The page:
NRI Worldwide > NRIt
IT professionals moving back home from Silicon Valley
Report dated 01/08/2011 @ 2:41 AM
According to a recent survey declining wages and opportunities abroad are prompting NRI IT professionals to move back home. IT and IT enabled companies in India hired 28 percent more NRI professionals in the first quarter of 2011-12, higher than any other industries in the country.
Others who hired NRI returnees are pharma and healthcare, automobiles and manufacturing, banking and financial services and FMCGs.
India's economic growth and opportunities fuelled the NRI's return. That and the fact that many US companies are opening offices in India and hiring more to target Asia's growing market.
Of the cities where high numbers of NRIs found jobs are Bangalore at the top, followed by Mumbai, Delhi and Hyderabad.
NRI techies leaving Silicon Valley, USA
Report dated 13/05/2011 @ 1:16 AM
SnapDeal founded by former US NRI Kunal Bahl 28, is fast becoming a high-tech powerhouse in India. Bahl was forced to leave the US where he wanted to stay and build a company, because his H-1B visa expired in 2007. So he left for India and started SnapDeal.
Four hundred employees later, he's ready to take on Groupon!
SnapDeal with $20 million in annual revenue is expected to top $100 million next year and is hiring some 70 people each month.
For the first time, immigrants have better opportunities outside the US. In fact Silicon Valley may be the cradle for tech start-ups but some foreign born executives, engineers and scientists are leaving because of better opportunities back home, strict immigration laws, and California's high cost of living.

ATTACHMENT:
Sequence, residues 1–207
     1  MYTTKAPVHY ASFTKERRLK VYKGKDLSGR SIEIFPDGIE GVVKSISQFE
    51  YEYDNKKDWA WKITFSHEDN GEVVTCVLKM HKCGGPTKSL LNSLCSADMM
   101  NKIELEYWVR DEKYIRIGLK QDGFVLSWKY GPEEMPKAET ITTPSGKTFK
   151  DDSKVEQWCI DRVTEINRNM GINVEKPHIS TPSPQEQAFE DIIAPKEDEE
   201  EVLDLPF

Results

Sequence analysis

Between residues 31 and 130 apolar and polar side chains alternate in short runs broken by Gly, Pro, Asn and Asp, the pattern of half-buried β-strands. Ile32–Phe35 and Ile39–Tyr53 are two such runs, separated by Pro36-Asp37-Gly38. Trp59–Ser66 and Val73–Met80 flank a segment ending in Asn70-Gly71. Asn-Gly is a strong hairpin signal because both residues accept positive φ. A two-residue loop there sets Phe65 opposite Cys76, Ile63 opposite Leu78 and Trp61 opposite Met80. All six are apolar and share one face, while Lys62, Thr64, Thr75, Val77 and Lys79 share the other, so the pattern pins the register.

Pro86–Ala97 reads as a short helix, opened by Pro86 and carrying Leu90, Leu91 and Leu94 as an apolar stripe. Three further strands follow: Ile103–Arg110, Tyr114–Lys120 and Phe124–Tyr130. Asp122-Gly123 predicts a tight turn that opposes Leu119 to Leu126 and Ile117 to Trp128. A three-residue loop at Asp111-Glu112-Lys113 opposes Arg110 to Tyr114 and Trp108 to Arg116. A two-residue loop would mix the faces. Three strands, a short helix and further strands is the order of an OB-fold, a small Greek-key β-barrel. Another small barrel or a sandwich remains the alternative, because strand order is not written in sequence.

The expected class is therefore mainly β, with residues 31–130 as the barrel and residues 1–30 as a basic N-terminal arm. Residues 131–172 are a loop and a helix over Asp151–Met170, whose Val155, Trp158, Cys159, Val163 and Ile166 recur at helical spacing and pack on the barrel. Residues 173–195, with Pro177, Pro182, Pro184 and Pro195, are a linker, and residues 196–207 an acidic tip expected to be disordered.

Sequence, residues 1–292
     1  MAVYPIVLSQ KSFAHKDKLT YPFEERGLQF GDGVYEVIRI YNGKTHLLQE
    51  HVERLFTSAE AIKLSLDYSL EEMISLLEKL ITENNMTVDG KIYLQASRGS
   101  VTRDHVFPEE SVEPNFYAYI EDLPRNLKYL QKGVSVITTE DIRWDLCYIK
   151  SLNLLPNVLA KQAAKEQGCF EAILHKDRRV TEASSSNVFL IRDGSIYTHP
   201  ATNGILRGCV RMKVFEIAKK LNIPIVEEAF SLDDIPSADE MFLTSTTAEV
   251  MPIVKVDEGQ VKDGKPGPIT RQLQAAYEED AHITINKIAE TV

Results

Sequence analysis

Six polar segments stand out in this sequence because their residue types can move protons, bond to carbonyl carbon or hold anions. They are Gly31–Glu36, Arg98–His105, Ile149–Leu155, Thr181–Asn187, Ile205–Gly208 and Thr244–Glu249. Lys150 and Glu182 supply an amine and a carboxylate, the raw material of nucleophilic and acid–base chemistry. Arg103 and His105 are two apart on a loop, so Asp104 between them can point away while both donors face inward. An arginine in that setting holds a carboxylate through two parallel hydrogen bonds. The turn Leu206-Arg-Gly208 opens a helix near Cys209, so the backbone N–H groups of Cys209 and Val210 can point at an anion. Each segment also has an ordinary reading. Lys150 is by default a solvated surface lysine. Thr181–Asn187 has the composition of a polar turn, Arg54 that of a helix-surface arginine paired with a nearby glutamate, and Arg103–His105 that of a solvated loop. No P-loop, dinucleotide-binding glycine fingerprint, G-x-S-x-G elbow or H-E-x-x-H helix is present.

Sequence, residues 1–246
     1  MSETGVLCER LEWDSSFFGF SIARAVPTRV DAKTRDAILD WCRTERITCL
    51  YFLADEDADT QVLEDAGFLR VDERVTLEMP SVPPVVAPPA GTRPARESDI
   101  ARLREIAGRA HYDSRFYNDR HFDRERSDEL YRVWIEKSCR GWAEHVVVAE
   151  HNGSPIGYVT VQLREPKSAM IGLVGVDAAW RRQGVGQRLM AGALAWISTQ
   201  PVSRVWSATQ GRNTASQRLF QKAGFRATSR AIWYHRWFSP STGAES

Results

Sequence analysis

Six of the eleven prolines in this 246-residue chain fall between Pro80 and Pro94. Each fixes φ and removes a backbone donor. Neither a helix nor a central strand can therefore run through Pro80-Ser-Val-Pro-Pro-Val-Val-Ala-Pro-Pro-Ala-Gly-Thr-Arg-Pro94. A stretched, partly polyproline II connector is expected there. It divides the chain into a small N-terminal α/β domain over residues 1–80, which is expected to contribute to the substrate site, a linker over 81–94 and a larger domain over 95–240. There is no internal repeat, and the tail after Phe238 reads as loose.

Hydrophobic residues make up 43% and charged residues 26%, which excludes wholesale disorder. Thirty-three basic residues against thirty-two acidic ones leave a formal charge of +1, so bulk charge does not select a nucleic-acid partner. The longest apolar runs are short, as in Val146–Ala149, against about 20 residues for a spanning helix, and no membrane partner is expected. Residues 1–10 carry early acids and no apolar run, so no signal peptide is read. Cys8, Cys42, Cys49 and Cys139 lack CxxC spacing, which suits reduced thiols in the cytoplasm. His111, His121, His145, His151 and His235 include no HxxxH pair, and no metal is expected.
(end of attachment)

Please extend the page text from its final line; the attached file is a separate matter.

No hard data is available but authorities agree the number of foreign born workers returning to India and China annually is in the tens of thousands. Consequently India is now flush with Internet service companies vying to become the country's version of Amazon.com, Groupon or Expedia. The reverse brain drain is ironic as while talented engineers go back home to India, China and elsewhere either by choice or by law, US tech companies are frantically looking to hire engineering and tech related talent.
With tech workers in high demand yet visas in short supply, President Obama is committed to an overhaul of the US's immigration laws. Now fewer foreign students want to go to Silicon Valley to earn engineering and science degrees, a move that will also deplete the educational revenue foreign workers bring into the US.
Many inciteful employers note the irony of competing with the very people they wanted to hire or retain.